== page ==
Here's how: Organize teams of three students and ask them to work together (quietly) and raise their hands when they think they have found all the mistakes. After the first team signals it's done, give a bit more time and then have teams indicate with their fingers -- together on the count of three -- the number of mistakes they found in the work. The team that found the most describes its answers until another team disagrees politely or until they are finished.

2. Use Movement to Get Kids Focused

Ask all students to stand behind their desks and join in simple choreographed physical movement. Because most kids find it invigorating and it's easy to monitor full participation, it may become one of your favorite ways to get kids focused and kill dead time.

Here's how, for the primary grades: Teach hand-clapping patterns to accompany a chanted verse or a set of math facts. Add foot stomping or hand clapping with a partner to create variety.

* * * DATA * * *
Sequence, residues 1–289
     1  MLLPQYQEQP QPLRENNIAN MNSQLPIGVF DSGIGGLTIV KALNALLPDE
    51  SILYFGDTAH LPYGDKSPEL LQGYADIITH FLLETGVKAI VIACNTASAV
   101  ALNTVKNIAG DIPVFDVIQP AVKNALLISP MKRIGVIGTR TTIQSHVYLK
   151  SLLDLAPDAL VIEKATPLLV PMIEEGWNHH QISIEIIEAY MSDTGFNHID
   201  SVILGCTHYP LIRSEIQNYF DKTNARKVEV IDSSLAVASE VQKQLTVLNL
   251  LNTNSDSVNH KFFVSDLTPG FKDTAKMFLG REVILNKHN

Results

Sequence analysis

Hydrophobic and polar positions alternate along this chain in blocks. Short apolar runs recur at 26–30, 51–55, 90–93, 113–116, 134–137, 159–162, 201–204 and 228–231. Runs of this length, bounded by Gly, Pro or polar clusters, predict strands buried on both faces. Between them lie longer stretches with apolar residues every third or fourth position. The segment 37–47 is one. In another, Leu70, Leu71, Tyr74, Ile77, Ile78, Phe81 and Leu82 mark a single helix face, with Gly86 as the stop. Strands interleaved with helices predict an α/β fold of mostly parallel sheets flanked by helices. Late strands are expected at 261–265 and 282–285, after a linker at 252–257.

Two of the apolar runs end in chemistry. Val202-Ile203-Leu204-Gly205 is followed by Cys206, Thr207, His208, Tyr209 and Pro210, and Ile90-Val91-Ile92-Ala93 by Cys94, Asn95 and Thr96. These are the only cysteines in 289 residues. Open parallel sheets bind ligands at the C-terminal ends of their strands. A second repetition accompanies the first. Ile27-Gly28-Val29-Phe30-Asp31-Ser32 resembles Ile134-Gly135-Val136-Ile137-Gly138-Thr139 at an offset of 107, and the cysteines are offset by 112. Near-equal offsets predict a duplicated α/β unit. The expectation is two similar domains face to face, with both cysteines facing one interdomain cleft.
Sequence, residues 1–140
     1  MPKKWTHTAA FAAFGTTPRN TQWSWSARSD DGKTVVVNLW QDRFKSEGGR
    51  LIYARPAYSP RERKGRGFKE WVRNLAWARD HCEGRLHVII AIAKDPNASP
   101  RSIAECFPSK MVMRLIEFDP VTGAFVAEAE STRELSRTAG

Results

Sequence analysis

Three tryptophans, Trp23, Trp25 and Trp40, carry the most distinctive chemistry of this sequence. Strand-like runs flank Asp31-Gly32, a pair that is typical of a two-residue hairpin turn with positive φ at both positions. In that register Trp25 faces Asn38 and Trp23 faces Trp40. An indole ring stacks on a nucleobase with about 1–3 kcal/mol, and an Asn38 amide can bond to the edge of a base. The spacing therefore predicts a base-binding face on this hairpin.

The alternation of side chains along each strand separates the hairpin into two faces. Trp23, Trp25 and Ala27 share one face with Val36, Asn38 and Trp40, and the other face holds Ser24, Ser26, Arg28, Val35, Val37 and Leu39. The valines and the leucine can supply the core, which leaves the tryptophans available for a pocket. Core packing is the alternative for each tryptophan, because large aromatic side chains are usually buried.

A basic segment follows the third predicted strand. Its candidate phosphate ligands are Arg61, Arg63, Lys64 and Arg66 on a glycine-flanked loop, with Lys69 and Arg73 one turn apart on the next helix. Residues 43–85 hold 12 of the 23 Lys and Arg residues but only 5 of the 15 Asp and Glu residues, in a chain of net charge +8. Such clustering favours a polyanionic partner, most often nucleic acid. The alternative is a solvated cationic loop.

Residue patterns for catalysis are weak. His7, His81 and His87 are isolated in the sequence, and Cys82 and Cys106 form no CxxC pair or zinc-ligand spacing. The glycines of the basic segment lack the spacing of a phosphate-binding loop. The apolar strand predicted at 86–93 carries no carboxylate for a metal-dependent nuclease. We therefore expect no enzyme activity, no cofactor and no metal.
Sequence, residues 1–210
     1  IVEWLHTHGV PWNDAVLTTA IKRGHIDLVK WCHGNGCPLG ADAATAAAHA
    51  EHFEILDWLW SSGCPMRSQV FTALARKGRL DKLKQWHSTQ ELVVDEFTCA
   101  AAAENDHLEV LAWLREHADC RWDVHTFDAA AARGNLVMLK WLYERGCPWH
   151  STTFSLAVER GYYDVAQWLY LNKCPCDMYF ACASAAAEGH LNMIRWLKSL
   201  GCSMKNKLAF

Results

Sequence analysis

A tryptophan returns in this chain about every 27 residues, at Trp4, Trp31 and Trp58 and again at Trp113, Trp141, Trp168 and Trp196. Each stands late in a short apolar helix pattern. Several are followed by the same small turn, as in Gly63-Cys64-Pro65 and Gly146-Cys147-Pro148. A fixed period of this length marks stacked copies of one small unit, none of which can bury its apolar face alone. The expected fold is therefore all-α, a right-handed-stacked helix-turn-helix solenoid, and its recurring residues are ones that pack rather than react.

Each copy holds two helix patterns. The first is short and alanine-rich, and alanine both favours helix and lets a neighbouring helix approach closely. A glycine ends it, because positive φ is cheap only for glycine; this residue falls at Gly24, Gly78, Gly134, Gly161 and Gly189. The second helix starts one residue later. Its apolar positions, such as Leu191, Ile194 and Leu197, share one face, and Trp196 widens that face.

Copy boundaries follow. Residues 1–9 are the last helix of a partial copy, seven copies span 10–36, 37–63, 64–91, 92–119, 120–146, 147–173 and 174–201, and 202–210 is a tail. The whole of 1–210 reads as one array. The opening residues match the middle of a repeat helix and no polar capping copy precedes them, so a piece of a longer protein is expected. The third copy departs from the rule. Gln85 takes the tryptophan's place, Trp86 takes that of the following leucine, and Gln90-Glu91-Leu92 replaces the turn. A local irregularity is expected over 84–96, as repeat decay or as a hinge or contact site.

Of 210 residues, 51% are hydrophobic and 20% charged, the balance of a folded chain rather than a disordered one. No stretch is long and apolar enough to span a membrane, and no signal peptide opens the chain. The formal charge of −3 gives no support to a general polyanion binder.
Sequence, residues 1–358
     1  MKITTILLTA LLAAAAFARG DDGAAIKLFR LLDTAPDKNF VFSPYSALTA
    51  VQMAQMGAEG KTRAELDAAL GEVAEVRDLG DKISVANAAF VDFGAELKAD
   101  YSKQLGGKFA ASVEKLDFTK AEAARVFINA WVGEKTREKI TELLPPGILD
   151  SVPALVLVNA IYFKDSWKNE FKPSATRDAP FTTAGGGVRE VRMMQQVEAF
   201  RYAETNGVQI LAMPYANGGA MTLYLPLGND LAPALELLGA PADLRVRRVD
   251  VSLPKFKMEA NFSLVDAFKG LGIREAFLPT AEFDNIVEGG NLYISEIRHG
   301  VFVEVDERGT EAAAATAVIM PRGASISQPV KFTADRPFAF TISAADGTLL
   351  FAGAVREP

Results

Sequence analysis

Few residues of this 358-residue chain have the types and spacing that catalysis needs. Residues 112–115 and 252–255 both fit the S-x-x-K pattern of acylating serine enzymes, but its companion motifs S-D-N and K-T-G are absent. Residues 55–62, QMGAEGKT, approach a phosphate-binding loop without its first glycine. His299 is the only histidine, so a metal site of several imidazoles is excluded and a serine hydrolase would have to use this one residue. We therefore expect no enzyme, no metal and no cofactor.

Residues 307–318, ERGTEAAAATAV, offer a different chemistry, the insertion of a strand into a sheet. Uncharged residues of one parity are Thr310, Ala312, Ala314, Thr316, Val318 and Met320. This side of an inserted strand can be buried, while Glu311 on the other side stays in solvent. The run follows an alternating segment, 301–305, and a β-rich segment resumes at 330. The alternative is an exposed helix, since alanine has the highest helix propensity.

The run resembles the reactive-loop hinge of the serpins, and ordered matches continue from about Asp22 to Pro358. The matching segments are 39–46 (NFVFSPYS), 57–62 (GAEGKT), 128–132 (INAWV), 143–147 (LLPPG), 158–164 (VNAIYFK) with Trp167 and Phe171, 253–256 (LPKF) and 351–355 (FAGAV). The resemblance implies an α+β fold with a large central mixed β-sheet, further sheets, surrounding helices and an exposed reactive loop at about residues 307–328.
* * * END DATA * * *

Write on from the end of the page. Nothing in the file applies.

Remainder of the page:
Here's how, for the middle grades: Create a rhythm with finger snapping and hand clapping, which you model and they echo back. Vary the rhythm and pattern in intervals of 15-20 seconds to challenge them to pay attention and join in.

Here's how, for any grade, including high school: Offer a seventh-inning stretch, or the cross crawl. To do the cross crawl, stand up and begin marching in place, raising the knees really high. As you raise the left knee, reach across your body with your right hand and touch the left knee.

Then do the same for the left hand on the right knee. Continue this pattern for a minute or more. (You can also vary it by, say, having kids clap their hands over their heads between each set of knee touches.)

3. Teach Students How to Collaborate Before Expecting Success

Doing project learning and other team-based work without prior training can lead to lots of dead time. You can nip much of it in the bud by teaching collaboration skills before projects get started. You don't need to use an activity related to your subject area to teach teamwork.

Here's how: One way is to give teams of students a pair of scissors, two sheets of paper, ten paper clips, and a 10-inch piece of tape, and ask them to build the tallest free-standing tower in 20 minutes.